Could you write a hypothetical dialogue of what they would say when setting up plans to defend the castle when addressing the entire, pre-slaughter clan?
I could. But I won't.
Gargoyles didn't have defined specific names, but they referred to each other by relationships, signifiers, etc. (For example, "My Angel of the Night" or the "Gargoyle of the Sword".) I'm sure they made it work.
Hello Mr. Weisman my name is Elizabeth although being since I put my name in the name field I guess that is redundant, but I still feel it is proper to introduce oneself when asking a question.
I was just wondering if you ever thought about making a Tabletop RPG of Gargoyles?
Not specifically. I don't know much about gaming. And in any case, I do not control the franchise. Disney does.
When was Match created? How long was the gap between him and Superboy?
The year before Superboy was cloned.
Have you ever read Shakespeare's Dog by Leon Rooke? (It is the story of Shakespeare's marriage to Anne Hathaway as told from the perspective of Shakespeare's dog.) Here it is on Amazon: http://www.amazon.com/Shakespeares-Dog-Novel-Leon-Rooke/dp/0880010932. It's quite funny.
Are people turned to stone still conscious?
If Xanatos had used the cauldron of life , would he have remained fully conscious but unable to move or speak for all eternity?
Fair question. I guess we'll never know. ;)
How many miles a person have to be away where superman and superboy cannot hear with their super hearing in the earth 16 universe?
I dunno. Whatever seems reasonable in terms of sound waves not being interrupted by intervening stuff and/or spreading out so thin that sense cannot be made of the sound. It's a question for a physicist, not me.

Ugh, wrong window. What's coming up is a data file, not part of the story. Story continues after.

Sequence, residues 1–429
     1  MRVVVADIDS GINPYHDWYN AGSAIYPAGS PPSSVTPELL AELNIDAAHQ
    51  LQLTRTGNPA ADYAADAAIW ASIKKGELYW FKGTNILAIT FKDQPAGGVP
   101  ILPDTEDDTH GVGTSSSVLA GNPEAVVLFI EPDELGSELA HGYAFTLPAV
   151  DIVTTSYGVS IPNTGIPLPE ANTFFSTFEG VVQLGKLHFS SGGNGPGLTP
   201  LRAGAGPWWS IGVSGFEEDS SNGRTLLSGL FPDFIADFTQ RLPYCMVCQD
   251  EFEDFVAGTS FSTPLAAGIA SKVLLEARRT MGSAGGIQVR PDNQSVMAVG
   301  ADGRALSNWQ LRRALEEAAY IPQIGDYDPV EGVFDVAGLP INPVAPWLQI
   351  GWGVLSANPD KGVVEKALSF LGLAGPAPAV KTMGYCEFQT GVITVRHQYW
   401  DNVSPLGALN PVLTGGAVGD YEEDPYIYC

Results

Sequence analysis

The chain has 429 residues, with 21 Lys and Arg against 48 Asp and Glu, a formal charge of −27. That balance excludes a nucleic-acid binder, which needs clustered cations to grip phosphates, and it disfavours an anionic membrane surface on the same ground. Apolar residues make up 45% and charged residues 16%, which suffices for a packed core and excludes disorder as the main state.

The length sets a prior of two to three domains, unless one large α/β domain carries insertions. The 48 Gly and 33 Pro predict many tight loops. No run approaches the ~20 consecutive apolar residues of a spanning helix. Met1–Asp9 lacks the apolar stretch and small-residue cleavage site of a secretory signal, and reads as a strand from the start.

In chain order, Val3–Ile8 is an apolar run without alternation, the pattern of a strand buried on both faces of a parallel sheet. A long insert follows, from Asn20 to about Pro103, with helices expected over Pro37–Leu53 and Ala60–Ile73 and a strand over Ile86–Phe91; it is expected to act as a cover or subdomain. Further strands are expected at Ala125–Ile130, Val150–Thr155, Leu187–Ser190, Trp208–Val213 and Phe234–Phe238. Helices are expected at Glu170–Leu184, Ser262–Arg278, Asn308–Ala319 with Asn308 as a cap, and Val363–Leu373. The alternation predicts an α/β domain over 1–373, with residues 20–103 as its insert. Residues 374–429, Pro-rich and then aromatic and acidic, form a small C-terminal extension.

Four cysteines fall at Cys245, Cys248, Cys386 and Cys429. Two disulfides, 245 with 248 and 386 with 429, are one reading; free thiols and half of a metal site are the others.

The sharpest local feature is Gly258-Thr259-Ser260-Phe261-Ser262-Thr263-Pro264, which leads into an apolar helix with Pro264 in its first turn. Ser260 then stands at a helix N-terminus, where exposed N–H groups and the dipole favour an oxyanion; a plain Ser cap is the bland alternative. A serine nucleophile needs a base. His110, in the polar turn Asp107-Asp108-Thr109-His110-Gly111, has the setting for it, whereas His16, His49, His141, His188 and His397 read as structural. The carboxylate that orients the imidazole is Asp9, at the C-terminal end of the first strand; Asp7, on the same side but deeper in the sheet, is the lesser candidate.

My question deals with the mutability of time in the Gargoyles universe. The archives and TV series indictate that time loops are part of the timestream, there are no alternate timelines, and history cannot be changed (If I am missing anything or am being inaccurate, feel free to chastise me accordingly). However, I also remember you saying that the younger Demona could have acted differently then her future self, as could the non-Enhanced Archmage.
So then my question is if history is immutable due to the free actions of the characters or the mechanics of the universe (for want of a better term)? As you said in a previous post, freewill does not give you the ability to do whatever you want in any situation but that a character can strive for greater goals and independence (Please forgive my paraphrasing and or if I misunderstood). Characters like Demona, Xanatos, and the Archmage, knew (to varying extents) their future and (directly or indirectly) chose to act in such a way as to bring these outcomes about. If that is the case then, in theory, history could have been changed but, as it never was, it never can be. However, if reality is such that certain things must always happen as they are crucial to the integrity of the timestream, then freewill is illusory. Every action one takes will always lead them to an outcome they only believed they chose as they could not chose any other option. However, the former interpretation makes it so that, ironically, predestination is the product of life choices of living beings. If I am misunderstanding or letting my own opinions skew facts I apologize and thank you for your time.
Paragraph One: No, I never said that. I may have said that the younger Demona THOUGHT she could alter her timeline. But she couldn't.
Paragraph Two: No. Free will exists. Forget time travel for a moment. Yesterday you ordered eggs and bacon for breakfast. That was your choice. No one made you do it. Looking back, you wish you had ordered oatmeal. You can't change it now. Too late, right? But that doesn't mean you didn't have free will at the time. It just means you're not omnipotent. So if one-day-older you goes back in time to convince one-day-younger you to change your order, you will fail. Because you can't alter the time stream. But that doesn't mean that (a) one-day-younger you STILL didn't exercise freewill in ordering the bacon he wanted in the time, nor does it mean (b) that one-day-older you isn't exercising free will in attempting to get you to switch to oatmeal. Free will is about choices. Not success.